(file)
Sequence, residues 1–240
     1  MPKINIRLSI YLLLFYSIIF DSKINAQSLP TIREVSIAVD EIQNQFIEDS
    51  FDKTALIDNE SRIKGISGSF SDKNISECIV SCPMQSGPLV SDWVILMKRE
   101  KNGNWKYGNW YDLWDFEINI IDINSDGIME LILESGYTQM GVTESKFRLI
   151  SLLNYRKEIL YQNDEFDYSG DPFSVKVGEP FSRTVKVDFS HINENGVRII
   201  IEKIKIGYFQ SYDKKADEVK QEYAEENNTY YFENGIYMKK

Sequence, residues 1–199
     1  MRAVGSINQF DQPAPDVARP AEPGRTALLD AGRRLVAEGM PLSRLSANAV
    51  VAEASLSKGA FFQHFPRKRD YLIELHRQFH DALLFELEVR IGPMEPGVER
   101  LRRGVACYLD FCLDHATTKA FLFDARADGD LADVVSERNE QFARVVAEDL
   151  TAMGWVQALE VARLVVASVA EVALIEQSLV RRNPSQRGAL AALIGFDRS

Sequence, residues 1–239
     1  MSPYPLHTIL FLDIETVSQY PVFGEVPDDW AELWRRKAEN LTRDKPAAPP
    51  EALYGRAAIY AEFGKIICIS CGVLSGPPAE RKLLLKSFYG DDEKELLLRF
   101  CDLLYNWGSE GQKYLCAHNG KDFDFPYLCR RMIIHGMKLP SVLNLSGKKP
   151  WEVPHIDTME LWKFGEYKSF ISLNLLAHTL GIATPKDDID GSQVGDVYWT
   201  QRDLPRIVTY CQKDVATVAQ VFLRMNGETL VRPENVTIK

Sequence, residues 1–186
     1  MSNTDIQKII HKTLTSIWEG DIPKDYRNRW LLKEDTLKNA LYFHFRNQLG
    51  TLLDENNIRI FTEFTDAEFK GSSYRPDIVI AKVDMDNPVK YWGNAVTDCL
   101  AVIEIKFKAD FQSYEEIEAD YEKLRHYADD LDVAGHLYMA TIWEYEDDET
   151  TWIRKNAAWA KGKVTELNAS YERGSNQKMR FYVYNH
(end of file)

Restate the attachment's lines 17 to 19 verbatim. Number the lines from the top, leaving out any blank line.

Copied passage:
   201  QRDLPRIVTY CQKDVATVAQ VFLRMNGETL VRPENVTIK

Sequence, residues 1–186
     1  MSNTDIQKII HKTLTSIWEG DIPKDYRNRW LLKEDTLKNA LYFHFRNQLG